One of the most common air travel complaints is being bumped from a flight before departure. But what if you’re already on the plane? That’s what happened to Gabriel Millan on an Air Canada flight.
Millan’s case and its “resolution” — if it can be called that — raise interesting questions about airline contracts and the different interpretations passengers and airlines give them, such as “minimum connection time” rules. In the event that connecting passengers are delayed on previous flights, these rules allow airlines to give their seats on subsequent flights to standby passengers.
Millan was flying from San Francisco to Chile with a layover in Toronto during the winter. His flight to Toronto was delayed by 22 minutes, but he arrived at the gate for his flight to Chile and boarded. While sitting in his seat, an Air Canada crew member told him that the seat had been given to a standby passenger because he was not expected to make the flight due to minimum connection time standards. Millan was ordered off the airplane by the crew member, who gave Millan a telephone number to call.
An Air Canada agent told Millan that he would be rebooked on the next flight to Chile, 24 hours later. By then it was 10:30 p.m. and Millan needed a hotel room for the night. The Air Canada agent told Millan that he would receive a hotel room — but none were available. The agent told Milan to go to the connections desk, where he would receive assistance, but by the time Millan arrived at the desk nobody was there to assist him.
Millan called the number given to him by the crew member who removed him from the flight to Chile. The number turned out to be for Air Canada’s reservations line, and the agent who answered told Millan that although he could not get Millan a hotel room, Air Canada would reimburse Millan for the expenses he incurred during the layover. Millan had not packed for the colder climate and had to purchase new clothing.
After Millan submitted his receipts to Air Canada, he was told that Air Canada would only reimburse Millan $100 CAD and offer 25 percent off the cost of his next Air Canada flight as a “gesture of goodwill.”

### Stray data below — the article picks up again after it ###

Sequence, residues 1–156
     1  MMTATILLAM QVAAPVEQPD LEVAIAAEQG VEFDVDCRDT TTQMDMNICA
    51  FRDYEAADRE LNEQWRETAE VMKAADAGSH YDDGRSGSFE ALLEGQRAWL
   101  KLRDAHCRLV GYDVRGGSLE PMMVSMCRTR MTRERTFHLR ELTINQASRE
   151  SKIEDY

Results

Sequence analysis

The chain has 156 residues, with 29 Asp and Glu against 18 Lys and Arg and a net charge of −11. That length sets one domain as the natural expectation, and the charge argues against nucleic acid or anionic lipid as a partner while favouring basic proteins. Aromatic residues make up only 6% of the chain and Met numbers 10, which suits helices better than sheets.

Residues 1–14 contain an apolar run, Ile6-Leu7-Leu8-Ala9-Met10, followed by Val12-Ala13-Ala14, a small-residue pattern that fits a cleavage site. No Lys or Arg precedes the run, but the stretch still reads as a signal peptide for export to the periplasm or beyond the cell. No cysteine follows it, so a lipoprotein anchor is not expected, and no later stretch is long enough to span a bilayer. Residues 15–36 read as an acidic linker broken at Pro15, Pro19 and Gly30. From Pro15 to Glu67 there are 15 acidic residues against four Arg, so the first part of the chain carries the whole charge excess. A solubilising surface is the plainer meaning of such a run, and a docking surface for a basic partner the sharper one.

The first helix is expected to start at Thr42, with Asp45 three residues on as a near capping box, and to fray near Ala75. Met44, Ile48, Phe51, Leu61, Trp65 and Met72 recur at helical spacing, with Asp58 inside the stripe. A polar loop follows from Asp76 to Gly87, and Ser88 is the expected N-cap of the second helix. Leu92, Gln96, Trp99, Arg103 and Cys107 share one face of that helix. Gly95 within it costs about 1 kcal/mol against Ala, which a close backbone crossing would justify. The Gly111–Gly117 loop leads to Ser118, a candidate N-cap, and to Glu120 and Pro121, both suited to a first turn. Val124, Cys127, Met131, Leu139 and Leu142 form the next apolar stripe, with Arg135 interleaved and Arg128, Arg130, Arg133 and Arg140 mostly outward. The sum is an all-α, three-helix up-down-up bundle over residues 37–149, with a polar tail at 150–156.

Millan then tried contacting the Canadian Transportation Agency, which regulates air transportation in Canada, but was told that the agency could not help him.
Millan asked our advocacy team and our forum advocates for assistance in getting the promised reimbursement from Air Canada.
Our forum advocates recommended that Millan directly contact Air Canada’s executives using our company contacts. Unfortunately, Millan was told that the airline’s compensation decision was final.
It shouldn’t be.
Once Millan boarded the flight in Toronto, he was no longer subject to minimum connection time limitations. He should not have been required to yield his seat to a standby passenger.
Air Canada’s conditions of carriage indicate that
Where the Montreal Convention applies, the limits of liability are as follows:
For damage occasioned by delay to your journey, 4,694 Special Drawing Rights (approximately EUR 5,655; US $6,786) per passenger in most cases
And Air Canada’s involuntarily denied boarding policy holds that it will reimburse passengers traveling between Canada and any destination outside of North America who are involuntarily denied boarding up to $400 CAD for a delay of up to four hours and $800 CAD for any delay longer than four hours.
So Air Canada should reimburse Millan the U.S. equivalent of $800 CAD according to this policy. Its offer of $100 CAD and a discount off a future flight, after removing Millan from a flight he’d already boarded and making a number of promises of assistance to him that it didn’t keep, is ridiculously low. And the chances of Millan ever again flying Air Canada, after being taken off a flight on which he was already seated and given a runaround by Air Canada’s agents, are remote at best.
Unfortunately, Millan has gone up the chain of executives at Air Canada, who aren’t budging. A forum advocate has suggested that Millan sue Air Canada to get his reimbursement. While that may be his best course of action, it will take his case out of our jurisdiction.